Crowdfunding for charities: opportunities, success stories, advice for projects

Crowdfunding is often compared to charity, although these two fields have nothing in common. In crowdfunding, you always offer some sort of product or bonus in exchange for investments, while charity implies a gratuitous donation. However, these two can work together. For instance, crowdfunding platforms can not only be used to fund business ideas, but also to raise funding for sick people or accident victims. This is one of the most popular areas in crowdfunding. Today, this charity funding approach isn’t frequently used. It’s mostly used not by individuals, but by charity organizations, including funds that are unable to raise the necessary funding. Charities always set modest goals on crowdfunding platforms, between several hundred dollars to a maximum of several thousands.

It’s difficult to make predictions about the future of this type of crowdfunding. Although crowdfunding platforms were initially created with the goal of attracting financing, investors tend to favor business projects. But this doesn’t mean that crowdfunding is useless for charities – history shows many examples of crowdfunding not only making a positive impact, but even saving lives. What should you know about charity crowdfunding to successfully launch a project in this field, and which examples should you follow?

Charity crowdfunding success stories 

  1. Project Vera – 73 successful crowdfunding campaigns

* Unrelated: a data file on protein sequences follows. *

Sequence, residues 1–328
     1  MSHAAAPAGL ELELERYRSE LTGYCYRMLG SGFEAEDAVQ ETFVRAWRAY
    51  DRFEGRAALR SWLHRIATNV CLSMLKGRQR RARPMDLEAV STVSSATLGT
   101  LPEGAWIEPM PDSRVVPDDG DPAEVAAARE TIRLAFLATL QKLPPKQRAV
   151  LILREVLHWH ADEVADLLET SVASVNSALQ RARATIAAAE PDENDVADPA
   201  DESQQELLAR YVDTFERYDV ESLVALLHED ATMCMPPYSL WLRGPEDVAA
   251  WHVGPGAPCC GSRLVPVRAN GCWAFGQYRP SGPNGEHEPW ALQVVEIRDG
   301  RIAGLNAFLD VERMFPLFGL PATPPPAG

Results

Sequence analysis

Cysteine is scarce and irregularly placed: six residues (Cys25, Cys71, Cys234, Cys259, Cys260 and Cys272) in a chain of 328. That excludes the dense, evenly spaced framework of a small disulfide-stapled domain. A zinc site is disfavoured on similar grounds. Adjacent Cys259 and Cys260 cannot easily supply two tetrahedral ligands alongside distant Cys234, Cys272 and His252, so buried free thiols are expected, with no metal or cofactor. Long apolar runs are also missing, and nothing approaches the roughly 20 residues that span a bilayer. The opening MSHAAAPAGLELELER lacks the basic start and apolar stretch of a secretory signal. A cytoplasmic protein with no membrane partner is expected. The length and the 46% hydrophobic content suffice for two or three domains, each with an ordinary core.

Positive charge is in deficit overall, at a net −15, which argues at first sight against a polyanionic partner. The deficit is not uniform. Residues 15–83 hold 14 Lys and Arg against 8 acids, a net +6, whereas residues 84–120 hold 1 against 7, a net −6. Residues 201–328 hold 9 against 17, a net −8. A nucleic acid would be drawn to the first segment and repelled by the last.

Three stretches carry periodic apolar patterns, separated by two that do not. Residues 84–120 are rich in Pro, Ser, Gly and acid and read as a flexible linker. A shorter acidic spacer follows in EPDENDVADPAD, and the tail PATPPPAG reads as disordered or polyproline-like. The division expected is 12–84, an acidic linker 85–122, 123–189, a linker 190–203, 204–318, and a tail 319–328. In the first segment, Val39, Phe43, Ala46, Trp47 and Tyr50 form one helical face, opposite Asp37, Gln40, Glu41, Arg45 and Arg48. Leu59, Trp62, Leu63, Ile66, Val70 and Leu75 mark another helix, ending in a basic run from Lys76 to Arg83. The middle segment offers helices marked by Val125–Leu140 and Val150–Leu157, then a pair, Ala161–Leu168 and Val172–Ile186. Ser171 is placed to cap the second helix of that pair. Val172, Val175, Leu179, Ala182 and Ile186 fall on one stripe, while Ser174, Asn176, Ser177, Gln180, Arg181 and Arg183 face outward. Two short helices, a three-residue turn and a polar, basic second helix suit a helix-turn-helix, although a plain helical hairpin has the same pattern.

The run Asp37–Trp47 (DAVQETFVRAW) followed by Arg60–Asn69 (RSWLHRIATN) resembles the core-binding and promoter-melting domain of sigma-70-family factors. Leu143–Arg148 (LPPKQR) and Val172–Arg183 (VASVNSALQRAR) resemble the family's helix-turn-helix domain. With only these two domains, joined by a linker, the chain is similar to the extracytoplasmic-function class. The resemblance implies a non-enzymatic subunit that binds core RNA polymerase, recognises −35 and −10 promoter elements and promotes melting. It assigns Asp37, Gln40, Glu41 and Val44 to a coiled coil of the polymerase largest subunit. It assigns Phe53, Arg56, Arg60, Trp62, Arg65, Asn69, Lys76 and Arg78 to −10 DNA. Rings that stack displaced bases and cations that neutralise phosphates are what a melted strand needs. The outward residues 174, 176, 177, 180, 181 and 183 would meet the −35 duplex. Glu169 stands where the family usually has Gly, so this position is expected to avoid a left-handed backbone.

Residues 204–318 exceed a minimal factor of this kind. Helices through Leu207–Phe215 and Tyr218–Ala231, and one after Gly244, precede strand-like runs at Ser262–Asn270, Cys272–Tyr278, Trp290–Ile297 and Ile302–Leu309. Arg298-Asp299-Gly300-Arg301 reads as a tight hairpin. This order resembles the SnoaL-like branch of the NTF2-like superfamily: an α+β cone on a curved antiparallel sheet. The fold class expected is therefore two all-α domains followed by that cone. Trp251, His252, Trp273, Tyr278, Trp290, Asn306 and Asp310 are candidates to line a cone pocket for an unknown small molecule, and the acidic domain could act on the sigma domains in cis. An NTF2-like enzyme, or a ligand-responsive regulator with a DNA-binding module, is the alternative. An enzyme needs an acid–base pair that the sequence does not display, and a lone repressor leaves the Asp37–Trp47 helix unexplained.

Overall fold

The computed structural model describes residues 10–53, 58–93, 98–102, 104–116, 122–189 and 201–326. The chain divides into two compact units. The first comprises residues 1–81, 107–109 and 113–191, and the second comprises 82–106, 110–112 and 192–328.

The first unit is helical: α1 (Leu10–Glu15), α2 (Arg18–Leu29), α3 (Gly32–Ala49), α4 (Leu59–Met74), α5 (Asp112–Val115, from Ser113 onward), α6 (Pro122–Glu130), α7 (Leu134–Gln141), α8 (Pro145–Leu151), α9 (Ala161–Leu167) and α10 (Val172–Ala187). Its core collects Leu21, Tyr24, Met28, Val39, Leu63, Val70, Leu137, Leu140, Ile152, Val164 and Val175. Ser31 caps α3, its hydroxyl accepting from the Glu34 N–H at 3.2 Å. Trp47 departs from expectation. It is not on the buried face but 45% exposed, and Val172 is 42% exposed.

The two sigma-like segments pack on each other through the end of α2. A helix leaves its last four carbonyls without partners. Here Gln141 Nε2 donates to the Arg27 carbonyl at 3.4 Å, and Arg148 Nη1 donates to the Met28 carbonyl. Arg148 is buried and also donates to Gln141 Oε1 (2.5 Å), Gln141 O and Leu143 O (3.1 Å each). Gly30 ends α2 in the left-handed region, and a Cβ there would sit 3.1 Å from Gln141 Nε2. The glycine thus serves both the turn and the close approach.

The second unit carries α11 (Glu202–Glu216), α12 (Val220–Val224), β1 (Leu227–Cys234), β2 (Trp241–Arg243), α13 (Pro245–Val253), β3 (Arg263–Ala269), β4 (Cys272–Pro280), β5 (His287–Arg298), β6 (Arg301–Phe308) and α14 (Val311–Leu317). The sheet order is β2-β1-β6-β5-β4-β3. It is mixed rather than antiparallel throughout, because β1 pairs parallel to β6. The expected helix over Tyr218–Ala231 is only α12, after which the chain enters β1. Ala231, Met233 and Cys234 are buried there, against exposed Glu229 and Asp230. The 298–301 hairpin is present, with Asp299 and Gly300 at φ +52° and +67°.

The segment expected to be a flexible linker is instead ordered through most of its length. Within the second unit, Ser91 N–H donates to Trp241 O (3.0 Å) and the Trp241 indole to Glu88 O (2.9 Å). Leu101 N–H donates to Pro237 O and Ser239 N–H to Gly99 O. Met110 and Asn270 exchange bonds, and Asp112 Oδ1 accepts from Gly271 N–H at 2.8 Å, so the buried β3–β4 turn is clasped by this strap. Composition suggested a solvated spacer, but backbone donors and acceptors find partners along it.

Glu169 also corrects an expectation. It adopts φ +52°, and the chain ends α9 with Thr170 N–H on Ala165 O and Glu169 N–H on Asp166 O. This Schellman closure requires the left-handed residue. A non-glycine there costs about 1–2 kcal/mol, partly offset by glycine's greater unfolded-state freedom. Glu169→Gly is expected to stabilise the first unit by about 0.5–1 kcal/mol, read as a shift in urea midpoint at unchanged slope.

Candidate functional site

Charity organizations and victims of difficult circumstances are often distrustful towards crowdfunding. One of the first projects to use crowdfunding to raise charity funding was a Russian project launched to help the Vera hospice charity fund on the platform Planeta. In September 2012, the fund announced a crowdfunding campaign to purchase food for patients at a hospice in Lipetsk. The initial financial target was only 20 thousand rubles ($260), but the target was reset each month, as the hospice needed new food deliveries each month. Over the course of 5 years, the Vera fund used crowdfunding to beat all Russian records, raising funding not only for food, but also for equipment and renovations in several hospices in Russia. The fund also helped 41 sick children with the collected funds, organizing a traveling children’s camp and even launching the first palliative care hotline in Russia

  1. Dos Velas Images — $21 200

The crowdfunding campaign geared towards helping domestic animals had a target of $10 000, but ended up raising even more! The full name of the project was Dos Velas Images Saving Lives 1 Click at a Time. It was launched by professional photographer Kelly Vela, who organizes free photoshoots for shelter animals to raise awareness and help them find new owners. Statistics show that high-quality photographs significantly increase the chances for adoption, so the goal of the project was to build a charity photography agency that could help shelters across the United States.